How To Get The Most Out Of A Design Meeting

design-meeting

In the creative arena, meetings are becoming somewhat of a rarified occurrence. With increased connectivity, remote working and a predominance on digital production, the need for clients & creatives to get up-close-and-personal, is far less than say, a decade ago. But from time to time – whether a pitch, an interview or a feedback session – the design meeting is still a necessity. At best these can be productive, collaborative and inspirational, but at worse they can be a poor use of time, and damage your integrity or standing within tight-knit communities. Based on my extensive experience of great and not-so-great tête-à-têtes, here’s some useful pointers in getting the best out of a design meeting, for both creatives and clients.

1. Decide whether the meeting needs to happen

This one sounds obvious, but it isn’t. Clients need to be certain what the meeting is for, and what they want to get out of it. I was once approached to work a project, based on a high-profile project I had done prior, for a similar brief. After my successful pitch, a proposal (to which the client agreed) and much discussion a meet was scheduled. It was about half-way through the meeting, when the would-be client revealed they didn’t actually care much for my work – in particular the aforementioned, high-profile project that prompted them to contact me in the first place! It didn’t take long to establish that I probably wasn’t the designer they were after.

The lesson: do the diligence and make sure the creative (or prospective client) is someone you actually want/need to meet. If you don’t like their portfolio/website/profile from the outset, a meeting is not an effective use of time.

2. Brief every person attending the meeting

Another story: years ago I was booked for a day of freelance work for a sports agency. I was called in to meet with the creative director and a designer, who had already gone through my portfolio. Half-way through the meeting (a point I’ll cover this in the next section), the agency MD abruptly walks in, picks up my boards (yes an actual printed portfolio), and – clearly just seeing my work for the first time – curtly demands to see some ‘real brand work’ (a tremendous slight to the several brands in my then-portfolio). Safe to assume the MD hadn’t vetted my participation in the project. However a cursory glance over my work and profile prior to the meeting, may have saved us all some time (and premature greying).

The lesson: make sure everyone attending the interview knows why it is happening and what it’s for, and raise any objections beforehand.

3. If you need to see something, make sure you ask for it

Most creatives and agencies get to a point, where an abundance of work will lead to more tailored presentations and portfolios. With over 500 projects as an independent, and double that in-house/agency side, if I showed up to meetings with all of my work, ‘touching base’ would take several days. Therefore, if you’re hosting a design meeting, make sure to request what you actually want to see. Most creatives/agencies will usually ask upfront if there’s anything in particular to be discussed, at which point you can kindly ask to see a hearty selection of regional direct mail campaigns featuring unusual cats, or whatever is floating your proverbial boat.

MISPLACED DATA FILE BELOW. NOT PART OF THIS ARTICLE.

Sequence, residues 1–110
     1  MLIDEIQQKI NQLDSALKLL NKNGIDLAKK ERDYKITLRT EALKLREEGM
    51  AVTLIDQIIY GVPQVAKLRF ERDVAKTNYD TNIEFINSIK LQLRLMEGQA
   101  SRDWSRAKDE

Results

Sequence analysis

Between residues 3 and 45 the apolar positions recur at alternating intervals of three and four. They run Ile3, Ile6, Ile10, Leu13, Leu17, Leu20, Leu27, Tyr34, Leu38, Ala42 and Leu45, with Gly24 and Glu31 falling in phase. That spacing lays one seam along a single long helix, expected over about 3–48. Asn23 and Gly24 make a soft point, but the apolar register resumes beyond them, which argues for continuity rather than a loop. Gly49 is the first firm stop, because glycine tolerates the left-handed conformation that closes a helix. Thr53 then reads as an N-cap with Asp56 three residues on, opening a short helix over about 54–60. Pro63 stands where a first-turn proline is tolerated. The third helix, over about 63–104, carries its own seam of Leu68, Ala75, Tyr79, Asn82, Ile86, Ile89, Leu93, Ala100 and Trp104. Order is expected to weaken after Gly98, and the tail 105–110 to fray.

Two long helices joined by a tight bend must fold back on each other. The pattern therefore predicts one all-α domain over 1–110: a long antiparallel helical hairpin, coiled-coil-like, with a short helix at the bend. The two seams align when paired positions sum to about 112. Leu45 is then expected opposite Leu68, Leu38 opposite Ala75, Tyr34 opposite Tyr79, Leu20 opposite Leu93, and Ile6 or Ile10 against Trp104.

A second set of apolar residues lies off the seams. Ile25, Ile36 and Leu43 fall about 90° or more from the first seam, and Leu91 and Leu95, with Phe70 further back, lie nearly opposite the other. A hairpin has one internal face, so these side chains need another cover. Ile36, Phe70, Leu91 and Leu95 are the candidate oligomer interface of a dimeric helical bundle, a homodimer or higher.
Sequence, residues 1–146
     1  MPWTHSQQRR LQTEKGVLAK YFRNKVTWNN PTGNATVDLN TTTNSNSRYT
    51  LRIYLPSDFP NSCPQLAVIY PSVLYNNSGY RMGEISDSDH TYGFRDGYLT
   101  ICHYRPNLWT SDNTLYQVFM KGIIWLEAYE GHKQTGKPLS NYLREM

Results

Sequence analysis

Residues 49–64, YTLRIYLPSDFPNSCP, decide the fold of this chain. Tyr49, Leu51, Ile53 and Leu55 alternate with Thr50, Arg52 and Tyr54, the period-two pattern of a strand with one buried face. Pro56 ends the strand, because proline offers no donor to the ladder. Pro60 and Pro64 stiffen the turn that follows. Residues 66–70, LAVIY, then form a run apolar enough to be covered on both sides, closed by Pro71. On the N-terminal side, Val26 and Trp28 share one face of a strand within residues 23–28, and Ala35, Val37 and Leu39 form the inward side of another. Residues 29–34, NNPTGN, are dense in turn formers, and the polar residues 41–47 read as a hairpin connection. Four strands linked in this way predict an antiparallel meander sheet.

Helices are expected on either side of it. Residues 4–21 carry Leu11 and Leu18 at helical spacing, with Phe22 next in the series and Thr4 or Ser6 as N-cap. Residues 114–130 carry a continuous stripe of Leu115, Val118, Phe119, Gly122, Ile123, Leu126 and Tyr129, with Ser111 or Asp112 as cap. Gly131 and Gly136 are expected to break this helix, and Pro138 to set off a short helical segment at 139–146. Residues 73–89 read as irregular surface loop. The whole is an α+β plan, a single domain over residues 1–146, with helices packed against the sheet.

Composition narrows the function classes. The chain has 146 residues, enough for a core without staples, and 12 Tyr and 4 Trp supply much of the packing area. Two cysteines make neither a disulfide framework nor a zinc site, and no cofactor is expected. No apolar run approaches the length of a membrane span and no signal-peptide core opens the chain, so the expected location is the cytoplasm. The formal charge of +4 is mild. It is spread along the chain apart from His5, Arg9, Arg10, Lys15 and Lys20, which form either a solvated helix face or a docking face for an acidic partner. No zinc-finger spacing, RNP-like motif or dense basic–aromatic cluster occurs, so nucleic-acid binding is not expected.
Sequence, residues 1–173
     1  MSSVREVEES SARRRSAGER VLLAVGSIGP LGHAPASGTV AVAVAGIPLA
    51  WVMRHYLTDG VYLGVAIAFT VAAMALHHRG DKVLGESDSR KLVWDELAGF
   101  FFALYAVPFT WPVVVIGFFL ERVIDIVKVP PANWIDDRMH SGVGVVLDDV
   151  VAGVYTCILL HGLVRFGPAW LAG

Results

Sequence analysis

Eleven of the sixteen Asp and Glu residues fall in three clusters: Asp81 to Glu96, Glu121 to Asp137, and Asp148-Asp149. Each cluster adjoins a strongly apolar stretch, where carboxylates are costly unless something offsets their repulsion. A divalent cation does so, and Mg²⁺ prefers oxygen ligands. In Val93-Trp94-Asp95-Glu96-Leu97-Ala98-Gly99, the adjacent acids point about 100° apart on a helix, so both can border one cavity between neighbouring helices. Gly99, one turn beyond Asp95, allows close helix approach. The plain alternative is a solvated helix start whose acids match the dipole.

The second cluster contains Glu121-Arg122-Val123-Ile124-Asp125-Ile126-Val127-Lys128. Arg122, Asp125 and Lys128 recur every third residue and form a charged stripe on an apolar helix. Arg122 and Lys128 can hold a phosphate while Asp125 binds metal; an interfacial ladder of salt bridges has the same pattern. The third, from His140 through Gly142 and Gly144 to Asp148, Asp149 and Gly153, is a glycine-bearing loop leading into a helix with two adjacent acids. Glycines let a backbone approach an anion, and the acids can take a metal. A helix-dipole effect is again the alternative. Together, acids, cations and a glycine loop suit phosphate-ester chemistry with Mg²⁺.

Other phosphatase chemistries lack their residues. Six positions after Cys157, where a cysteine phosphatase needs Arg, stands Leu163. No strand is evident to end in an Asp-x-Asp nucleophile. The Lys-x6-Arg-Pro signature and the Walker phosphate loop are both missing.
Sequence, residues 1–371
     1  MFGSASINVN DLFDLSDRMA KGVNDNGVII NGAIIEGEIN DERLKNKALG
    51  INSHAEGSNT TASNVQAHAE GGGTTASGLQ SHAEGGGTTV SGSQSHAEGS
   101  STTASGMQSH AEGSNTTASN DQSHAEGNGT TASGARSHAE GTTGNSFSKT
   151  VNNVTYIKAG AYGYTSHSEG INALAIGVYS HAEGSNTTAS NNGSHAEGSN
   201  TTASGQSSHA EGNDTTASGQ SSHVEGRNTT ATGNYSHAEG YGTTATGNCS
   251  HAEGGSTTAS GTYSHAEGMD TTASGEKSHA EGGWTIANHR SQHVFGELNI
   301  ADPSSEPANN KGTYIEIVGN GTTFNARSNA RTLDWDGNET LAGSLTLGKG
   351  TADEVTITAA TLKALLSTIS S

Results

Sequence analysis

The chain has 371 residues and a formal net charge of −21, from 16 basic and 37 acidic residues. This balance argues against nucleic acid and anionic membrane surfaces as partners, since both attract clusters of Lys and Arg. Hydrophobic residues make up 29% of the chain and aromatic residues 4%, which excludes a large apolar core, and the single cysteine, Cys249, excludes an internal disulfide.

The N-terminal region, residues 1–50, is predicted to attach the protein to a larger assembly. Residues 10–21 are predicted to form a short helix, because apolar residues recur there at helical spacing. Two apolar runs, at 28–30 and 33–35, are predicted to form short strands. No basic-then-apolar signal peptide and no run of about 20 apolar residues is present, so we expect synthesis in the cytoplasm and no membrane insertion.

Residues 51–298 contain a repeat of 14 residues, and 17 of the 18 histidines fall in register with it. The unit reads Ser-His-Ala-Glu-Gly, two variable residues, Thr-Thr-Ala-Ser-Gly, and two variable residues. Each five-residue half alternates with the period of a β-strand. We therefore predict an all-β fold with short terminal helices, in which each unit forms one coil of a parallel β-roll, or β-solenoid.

The lesson: if you don’t ask, you don’t get

4.1 Be on time & 4.2 Show up

Design these days can seem much like a buyer’s market. There’s a sense that with an overwhelming surplus of creative types (such as myself) we’re fast becoming the business equivalent of a supermarket check-out person (and if that point causes any undue offence, please feel free to substitute with another appropriately expendable workforce example). This perception can create at best oversights, and at worst a lack of basic courtesy. Clients and creatives alike should view every design meeting as an opportunity to learn. An opportunity to see another perspective. Even if the individual/company is not right for your project or requirement, if they’ve agreed to meet you, they deserve a basic level of respect. So please – notwithstanding accidents, perilous public transport or catastrophic Acts of God – be on time. Even if you’re really, really important.

And then show up. Beyond arriving to the meeting room, this means listening, giving the other party your full attention – you may even have to put away your phone! Why does this matter? Because this is branding. Branding is more than your logo – branding is how you interface with the world, how you deal with people, and the values you extol thereof. These are things that create impressions, which in turn lead to reputations. Businesses – both creative and not – are inexorably linked in all sorts of ways, and the world is much smaller than you might think. People talk.

The lesson: treat people with the same respect you would ask for

Ultimately, please do not treat this as the meanderings of a moanful creative, but as a plea for everyone engaged in the business of design to carry themselves with a degree of conscientiousness and professionalism. And once that’s done, and the design meeting over, we can get down to the real business – doing good work.

– Greg Bunbury

Photo by justgrimes via Flickr

Leave a Reply

Your email address will not be published. Required fields are marked *